Ein Eliyahu on Ein Yaakov offers a different twist on this teaching. He says, by the very fact that he did not not succeed in completing the Nazirus without the mishap of being exposed to a corpse shows that he did not have the correct intention, and therefore was not fully accepted by God and his efforts were undermined. There is this concept in Jewish philosophy known as, “he did not receive (Divine) assistance” ״לא מסתייעא מילתא, (see for example Bava Metzi’a 85b, Sanhedrin 14a, Kesuvos 60b and Chulin 5b.) Sometimes, it is important to make efforts, but also to recognize that if the efforts run into numerous roadblocks, it is a sign that one is not receiving divine approval. And it follows to reason, that if one is successful and things go smoothly, it is a sign of Divine assistance and approval. There is a an ancient Chinese concept of Wu Wei , which might be considered as a combination of equanimity that we discussed in Psychology of the Daf Nazir 15, and also this idea of not trying too hard. It is a form of acceptance and flowing with things, while working in the reality.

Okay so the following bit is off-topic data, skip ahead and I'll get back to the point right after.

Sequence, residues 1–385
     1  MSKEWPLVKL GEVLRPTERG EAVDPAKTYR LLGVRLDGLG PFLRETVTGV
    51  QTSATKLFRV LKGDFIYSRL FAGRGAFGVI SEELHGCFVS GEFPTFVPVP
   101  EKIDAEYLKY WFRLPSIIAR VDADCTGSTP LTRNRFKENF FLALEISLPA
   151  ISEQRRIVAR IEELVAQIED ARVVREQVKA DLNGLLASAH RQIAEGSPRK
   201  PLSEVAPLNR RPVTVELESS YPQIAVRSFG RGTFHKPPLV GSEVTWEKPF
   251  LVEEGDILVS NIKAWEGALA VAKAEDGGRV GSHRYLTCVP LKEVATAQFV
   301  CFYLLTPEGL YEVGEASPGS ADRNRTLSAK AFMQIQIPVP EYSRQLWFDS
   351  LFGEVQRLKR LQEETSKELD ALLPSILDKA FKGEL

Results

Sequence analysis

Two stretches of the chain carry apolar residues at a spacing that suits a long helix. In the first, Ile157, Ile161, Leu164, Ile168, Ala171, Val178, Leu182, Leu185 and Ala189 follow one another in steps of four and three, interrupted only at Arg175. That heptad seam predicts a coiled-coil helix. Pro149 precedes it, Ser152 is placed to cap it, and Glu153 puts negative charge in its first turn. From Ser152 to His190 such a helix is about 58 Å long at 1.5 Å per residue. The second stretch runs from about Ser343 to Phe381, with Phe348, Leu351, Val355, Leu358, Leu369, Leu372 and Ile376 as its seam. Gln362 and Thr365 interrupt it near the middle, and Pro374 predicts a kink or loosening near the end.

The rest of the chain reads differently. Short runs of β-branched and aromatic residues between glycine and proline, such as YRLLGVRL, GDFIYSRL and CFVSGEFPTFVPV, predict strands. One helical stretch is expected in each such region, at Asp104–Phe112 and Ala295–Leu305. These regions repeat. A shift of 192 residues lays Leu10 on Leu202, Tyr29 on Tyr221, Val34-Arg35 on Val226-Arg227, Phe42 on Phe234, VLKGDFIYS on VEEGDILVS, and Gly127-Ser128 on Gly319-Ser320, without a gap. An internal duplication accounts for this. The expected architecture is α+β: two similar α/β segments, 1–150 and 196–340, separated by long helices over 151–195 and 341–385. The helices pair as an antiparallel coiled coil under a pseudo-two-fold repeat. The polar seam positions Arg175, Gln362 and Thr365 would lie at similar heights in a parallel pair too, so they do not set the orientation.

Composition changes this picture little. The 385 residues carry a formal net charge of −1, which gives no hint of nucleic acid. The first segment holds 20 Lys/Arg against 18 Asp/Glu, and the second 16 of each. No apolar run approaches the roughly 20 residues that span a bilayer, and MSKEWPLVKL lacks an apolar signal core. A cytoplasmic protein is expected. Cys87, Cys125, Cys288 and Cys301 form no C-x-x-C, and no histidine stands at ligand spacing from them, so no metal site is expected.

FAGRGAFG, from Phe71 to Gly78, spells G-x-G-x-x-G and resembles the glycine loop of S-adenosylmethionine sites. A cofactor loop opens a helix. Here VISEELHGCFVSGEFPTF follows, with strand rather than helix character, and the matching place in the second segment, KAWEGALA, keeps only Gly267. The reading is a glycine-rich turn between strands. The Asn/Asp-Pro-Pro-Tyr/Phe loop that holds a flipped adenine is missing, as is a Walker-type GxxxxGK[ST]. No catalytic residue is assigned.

However, if sometimes if things seem too easy and you find yourself too energetic, perhaps it’s because you are being driven by the Yetzer Hara. I have not seen this stated explicitly, though something close to this is stated in Ahavas Chessed II:10. Regardless, it feels intuitively true.
When I was still a young Bochur in Yeshiva, I overheard a discussion amongst the older more respected bochurim at lunchtime. The “hock” was, is it a mitzvah or is it not a mitzvah to clean up the lunch table. No one was arguing that it was a rule in the Yeshiva and it was “the right thing” to do. The question was, is it a mitzvah or just something you have to do for manners, like not to pick your nose. I took a risk and budded into the conversation with my thoughts. It was a social risk as I was much younger, but what I told them earned their grudging respect, and the beginning of admittance into this echelon. I said, “Clearly, since you folks have a tremendous Yetzer Hara not to do this, and not to clean up, it must be that it is a big mitzvah.“ If we get too engaged or too excited about a so-called machlokes l’shem shamayim, we should be wary. If there isn’t much Yetzer Hara pushing against us, we must wonder if somehow the Yetzer Hara wants us to do it.